Jobless or Unemployed -- What's the Difference?

September 12, 2013

Jobless or unemployed? It's an important distinction, with major implications for both short-term economic policy and the United States' long-term growth prospects, says the Wall Street Journal.

Anyone watching the economy over the past few years has heard that the government only considers people "unemployed" if they are actively looking for work. Economists mostly care about the people who would be working if they could -- in other words, people who are looking for jobs.

  • The recession wiped out 8 million jobs; four years into the supposed recovery, only 6 million of them have been regained.
  • Accounting for population growth, it would take more than seven years at the recent pace of hiring to get back to prerecession levels of employment.
  • As recently reported by the Wall Street Journal, many employers won't even consider applicants who have been out of work for an extended period.

It's no surprise, then, that many Americans have given up looking for work. Officially, there are about a million "discouraged" workers, people who have stopped looking for a job because they don't believe they can find one. The Labor Department uses a fairly narrow definition of "discouraged" -- workers have to be available to work right now, and they have to have searched in the past year. But a full accounting of the discouraged would need to include those who have retired involuntarily, taken refuge in school, filed for disability or otherwise hidden from the brutal job market.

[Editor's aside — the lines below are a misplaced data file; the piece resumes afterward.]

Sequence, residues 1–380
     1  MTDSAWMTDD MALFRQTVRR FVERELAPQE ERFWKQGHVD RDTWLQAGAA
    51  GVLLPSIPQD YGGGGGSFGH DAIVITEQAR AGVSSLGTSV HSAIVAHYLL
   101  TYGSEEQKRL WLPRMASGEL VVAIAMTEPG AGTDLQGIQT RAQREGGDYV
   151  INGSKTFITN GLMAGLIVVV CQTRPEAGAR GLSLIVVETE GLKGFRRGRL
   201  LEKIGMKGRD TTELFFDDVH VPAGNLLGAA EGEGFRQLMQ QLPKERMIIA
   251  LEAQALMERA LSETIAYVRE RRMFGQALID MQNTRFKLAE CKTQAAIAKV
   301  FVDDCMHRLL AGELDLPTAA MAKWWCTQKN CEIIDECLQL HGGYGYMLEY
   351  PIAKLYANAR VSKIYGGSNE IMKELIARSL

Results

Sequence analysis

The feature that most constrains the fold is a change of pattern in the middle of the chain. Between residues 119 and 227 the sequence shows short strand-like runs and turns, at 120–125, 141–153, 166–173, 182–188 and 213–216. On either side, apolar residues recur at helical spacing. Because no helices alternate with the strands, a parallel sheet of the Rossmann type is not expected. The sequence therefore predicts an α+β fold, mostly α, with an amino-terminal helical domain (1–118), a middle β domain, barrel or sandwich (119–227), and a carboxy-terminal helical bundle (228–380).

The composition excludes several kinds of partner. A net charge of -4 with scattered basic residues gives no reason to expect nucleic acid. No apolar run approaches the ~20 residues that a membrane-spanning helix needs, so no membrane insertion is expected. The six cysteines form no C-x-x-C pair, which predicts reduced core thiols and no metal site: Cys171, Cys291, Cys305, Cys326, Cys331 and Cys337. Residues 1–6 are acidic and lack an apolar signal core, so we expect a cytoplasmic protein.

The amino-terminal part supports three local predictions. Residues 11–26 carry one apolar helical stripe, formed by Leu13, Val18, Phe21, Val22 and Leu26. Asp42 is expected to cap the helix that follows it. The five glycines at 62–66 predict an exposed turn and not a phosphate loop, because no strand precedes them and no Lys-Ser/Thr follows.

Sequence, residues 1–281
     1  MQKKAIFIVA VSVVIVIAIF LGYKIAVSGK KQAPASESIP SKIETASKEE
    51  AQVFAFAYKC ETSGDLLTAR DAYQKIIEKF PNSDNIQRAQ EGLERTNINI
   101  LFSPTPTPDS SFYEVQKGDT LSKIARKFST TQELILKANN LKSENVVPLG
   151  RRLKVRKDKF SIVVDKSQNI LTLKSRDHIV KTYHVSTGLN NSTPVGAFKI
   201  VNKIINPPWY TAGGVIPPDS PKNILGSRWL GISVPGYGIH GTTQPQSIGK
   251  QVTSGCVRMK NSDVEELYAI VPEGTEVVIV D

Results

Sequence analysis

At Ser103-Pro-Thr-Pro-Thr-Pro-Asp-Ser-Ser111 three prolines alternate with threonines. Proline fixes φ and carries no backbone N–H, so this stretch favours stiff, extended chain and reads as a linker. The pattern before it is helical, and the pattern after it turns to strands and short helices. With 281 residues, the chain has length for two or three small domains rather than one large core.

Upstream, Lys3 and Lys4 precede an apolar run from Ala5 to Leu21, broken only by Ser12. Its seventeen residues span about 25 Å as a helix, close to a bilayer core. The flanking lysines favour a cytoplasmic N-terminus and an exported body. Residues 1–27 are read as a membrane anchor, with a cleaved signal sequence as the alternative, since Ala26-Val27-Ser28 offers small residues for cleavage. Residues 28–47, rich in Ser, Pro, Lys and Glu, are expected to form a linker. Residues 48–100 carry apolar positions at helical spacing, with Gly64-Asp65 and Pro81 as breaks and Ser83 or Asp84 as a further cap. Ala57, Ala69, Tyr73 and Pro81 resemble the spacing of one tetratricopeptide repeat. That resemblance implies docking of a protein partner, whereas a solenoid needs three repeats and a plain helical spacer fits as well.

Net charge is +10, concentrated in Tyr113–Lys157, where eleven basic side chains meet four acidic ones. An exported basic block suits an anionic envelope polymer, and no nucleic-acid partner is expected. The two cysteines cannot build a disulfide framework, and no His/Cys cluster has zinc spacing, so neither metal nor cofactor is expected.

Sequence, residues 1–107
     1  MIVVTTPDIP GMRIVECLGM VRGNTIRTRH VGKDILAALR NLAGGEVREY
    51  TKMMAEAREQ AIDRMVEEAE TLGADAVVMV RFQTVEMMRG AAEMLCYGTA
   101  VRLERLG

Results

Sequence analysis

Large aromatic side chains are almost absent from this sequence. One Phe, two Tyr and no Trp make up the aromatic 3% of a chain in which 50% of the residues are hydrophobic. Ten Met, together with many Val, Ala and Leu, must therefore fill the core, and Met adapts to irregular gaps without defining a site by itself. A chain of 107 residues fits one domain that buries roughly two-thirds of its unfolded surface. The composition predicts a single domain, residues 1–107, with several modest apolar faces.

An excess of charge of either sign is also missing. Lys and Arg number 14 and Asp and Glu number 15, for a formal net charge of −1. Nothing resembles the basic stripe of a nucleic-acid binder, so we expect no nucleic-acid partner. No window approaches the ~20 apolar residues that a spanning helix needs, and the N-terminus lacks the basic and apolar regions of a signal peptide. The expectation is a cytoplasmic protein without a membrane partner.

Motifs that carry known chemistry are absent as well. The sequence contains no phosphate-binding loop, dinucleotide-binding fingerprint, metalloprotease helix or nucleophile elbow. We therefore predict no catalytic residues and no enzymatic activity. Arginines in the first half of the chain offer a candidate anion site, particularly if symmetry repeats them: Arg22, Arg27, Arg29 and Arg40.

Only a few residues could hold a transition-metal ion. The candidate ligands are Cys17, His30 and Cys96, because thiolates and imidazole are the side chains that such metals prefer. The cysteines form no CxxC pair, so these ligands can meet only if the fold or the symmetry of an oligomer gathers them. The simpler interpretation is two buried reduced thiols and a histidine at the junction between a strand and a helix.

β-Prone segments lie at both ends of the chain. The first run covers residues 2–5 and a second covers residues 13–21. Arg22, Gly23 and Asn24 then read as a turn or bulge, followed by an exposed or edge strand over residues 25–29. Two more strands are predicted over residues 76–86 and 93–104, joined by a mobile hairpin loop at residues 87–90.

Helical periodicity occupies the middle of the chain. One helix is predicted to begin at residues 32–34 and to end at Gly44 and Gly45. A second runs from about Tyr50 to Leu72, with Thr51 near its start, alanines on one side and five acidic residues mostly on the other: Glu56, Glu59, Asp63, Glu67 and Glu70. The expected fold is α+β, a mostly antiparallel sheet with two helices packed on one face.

Those people are victims of the recession, but they don't count as "unemployed." The question for economists is how many of them will eventually return to the job market. It's a question that's absolutely central to understanding the state of the economy, both now and in the future.

  • If most of those who have given up will eventually return, then they are, for all intents and purposes, "unemployed" -- which means the official 7.4 percent unemployment rate substantially understates how bad the job market is.
  • That's terrible news in the short-term, because it means the recovery is even weaker than the official numbers suggest.
  • But it's actually good news in the long run, because it means there's no reason the economy can't ultimately get back to its prerecession peak.
  • And for policymakers at the Federal Reserve and elsewhere, it means there's no reason to ease up on efforts to boost the economy -- in fact, quite the opposite.

Source: Ben Casselman, "What's the Difference Between Jobless and Unemployed?" Wall Street Journal, September 6, 2013.

 

Browse more articles on Economic Issues